55 Years after Martin Luther King's "I Have a Dream" speech, Civil Rights leader John Lewis reminds us all of the power of the individual to make difference.

John Lewis, at age 23, was chairman of the Student Nonviolent Coordinating Committee (SNCC) and was one of the "Big Six" leaders  who organized the March on Washington.  On August 28, 1963, he addressed the crowd minutes before Martin Luther King’s “I Have a Dream” speech at the Lincoln Memorial.  55 years later, this Freedom Rider, US Congressman, and lifelong champion of civil rights gave all those at Harvard’s 367th Commencement today a very personal call to action, to take a stand on injustice in any of its forms:

“My philosophy is very simple. When you see something that’s not right, not fair, not just, stand up, say something, and speak out.”

He also gave credit to Harvard’s President Faust for getting the University into ‘necessary trouble’ for Harvard’s work in advancing economic and social justice for all. 

For seven decades John Lewis has exemplified the power of persistence and participation in the process of creating equity across our society for all of our citizens, working to advance economic justice across all of America's diverse communities. Lewis shouldered a 15-year effort to gain bipartisan support, until in 2003 President George W. Bush signed the bill into law that established The National Museum of African American History and Culture.  Decades before that, it was his work, with the work of thousands of others, that led to the Voting Rights Act of 1965: enacted to dismantle legal barriers at the state and local levels that prevented African Americans from exercising their right to vote.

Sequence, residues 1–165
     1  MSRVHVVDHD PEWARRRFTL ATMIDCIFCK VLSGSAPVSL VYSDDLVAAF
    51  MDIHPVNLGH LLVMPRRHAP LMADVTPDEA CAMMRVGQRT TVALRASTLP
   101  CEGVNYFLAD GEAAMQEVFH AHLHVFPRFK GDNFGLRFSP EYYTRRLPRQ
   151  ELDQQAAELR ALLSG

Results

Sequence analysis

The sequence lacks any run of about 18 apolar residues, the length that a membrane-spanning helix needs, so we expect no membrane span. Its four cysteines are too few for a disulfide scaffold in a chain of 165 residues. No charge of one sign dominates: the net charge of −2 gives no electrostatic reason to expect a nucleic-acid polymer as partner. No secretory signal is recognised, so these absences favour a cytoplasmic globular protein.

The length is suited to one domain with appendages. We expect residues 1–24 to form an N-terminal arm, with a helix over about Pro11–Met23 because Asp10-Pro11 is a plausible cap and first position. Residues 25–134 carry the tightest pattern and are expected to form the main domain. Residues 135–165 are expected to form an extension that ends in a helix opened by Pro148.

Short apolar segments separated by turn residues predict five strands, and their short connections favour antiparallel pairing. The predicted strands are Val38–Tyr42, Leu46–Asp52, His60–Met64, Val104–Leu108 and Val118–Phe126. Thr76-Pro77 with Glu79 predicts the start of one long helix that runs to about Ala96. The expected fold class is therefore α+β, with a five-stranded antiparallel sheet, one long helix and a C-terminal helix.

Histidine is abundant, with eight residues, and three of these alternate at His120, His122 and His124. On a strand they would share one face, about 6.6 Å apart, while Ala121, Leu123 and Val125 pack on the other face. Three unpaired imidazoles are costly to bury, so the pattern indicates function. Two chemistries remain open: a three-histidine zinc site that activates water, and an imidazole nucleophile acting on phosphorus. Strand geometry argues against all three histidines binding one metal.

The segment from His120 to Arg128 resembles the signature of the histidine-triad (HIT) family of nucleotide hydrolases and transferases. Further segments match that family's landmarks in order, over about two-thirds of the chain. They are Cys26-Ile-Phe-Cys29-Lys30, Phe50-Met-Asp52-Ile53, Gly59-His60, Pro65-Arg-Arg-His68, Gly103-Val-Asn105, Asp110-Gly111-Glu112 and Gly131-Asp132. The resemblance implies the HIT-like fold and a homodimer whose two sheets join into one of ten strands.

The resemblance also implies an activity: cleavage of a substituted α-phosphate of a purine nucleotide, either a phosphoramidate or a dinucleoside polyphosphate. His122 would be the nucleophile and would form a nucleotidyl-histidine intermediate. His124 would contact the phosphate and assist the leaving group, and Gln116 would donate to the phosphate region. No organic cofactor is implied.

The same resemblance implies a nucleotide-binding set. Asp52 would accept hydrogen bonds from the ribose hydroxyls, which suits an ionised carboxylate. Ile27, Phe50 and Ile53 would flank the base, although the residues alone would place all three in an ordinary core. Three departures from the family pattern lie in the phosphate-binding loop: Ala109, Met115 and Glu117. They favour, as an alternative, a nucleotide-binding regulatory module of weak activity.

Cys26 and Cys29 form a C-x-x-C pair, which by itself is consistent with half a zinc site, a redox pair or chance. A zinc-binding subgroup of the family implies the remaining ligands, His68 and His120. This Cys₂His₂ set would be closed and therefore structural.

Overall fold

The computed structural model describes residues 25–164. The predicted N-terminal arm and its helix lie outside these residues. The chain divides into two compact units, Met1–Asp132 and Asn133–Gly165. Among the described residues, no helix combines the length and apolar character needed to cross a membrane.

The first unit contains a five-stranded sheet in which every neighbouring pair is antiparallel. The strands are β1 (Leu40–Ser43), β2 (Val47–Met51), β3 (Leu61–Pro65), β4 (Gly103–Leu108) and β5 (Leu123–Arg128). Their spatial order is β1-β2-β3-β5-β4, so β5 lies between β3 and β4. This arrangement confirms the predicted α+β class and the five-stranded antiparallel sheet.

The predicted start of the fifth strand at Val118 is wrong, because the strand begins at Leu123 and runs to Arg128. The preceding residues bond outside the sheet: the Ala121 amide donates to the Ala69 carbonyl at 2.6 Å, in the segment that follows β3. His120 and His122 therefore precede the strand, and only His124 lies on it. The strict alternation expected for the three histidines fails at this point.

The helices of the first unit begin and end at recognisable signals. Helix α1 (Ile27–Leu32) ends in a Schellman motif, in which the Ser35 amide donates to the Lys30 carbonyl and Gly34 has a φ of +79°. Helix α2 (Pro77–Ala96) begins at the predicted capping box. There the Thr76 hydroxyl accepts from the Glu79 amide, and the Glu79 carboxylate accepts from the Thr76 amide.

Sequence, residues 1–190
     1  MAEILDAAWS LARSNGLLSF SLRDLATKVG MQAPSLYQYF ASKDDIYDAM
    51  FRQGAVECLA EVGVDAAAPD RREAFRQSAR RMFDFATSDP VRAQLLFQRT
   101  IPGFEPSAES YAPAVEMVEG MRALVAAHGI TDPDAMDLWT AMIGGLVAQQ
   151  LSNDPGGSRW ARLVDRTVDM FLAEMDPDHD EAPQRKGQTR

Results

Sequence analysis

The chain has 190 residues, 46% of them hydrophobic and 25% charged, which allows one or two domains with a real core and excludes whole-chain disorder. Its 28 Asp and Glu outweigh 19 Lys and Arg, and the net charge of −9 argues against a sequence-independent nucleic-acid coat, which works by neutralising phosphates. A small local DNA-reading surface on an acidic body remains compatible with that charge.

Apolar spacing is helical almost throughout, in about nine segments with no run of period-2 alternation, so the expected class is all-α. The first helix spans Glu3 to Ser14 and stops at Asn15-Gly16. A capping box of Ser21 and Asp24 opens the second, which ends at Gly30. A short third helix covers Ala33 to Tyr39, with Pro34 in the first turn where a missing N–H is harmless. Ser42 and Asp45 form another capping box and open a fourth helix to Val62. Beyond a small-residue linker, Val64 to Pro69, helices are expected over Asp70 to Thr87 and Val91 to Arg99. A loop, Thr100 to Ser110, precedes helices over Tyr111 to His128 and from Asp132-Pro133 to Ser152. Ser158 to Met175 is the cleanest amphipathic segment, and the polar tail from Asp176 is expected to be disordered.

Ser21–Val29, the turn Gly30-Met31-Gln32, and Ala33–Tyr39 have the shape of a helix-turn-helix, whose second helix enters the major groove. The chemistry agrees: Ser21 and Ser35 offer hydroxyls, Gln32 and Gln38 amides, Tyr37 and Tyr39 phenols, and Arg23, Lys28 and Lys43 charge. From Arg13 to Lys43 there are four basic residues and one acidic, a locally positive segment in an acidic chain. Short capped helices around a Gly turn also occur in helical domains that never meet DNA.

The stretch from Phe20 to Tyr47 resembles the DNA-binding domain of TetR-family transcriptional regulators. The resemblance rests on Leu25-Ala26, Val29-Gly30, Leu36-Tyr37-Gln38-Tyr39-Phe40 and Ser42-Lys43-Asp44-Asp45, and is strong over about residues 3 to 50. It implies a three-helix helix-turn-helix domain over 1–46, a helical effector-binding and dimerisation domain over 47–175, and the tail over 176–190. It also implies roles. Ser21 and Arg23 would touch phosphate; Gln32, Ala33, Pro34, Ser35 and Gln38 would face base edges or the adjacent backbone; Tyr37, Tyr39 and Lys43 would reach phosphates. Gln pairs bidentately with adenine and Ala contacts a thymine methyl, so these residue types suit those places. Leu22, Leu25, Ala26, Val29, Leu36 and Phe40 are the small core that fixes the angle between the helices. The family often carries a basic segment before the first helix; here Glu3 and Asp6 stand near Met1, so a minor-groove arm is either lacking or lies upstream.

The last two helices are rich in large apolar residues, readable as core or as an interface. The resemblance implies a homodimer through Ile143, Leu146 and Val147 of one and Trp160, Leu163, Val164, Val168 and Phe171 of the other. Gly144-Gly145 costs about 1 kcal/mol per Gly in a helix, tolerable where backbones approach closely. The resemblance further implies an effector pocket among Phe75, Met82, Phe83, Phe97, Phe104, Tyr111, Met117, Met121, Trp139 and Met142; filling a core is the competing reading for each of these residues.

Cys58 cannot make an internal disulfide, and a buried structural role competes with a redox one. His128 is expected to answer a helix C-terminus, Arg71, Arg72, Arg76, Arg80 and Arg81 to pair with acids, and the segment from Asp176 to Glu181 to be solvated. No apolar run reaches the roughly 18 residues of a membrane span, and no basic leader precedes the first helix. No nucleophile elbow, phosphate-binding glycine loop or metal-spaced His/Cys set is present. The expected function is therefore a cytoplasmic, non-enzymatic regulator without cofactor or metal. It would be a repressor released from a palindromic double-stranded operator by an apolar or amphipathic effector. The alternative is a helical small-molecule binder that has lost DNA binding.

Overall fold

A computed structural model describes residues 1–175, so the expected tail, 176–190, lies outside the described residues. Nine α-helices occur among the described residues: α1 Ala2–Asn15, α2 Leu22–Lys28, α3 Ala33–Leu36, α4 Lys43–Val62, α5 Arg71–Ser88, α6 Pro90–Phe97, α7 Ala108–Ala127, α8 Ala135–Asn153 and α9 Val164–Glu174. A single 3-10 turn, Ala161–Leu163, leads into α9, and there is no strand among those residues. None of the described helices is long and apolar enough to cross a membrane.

Said Lewis today about that hard-won right to vote: “The vote is precious. It’s almost sacred. It is the most powerful nonviolent instrument or tool we have in our democratic society, and we must use it.”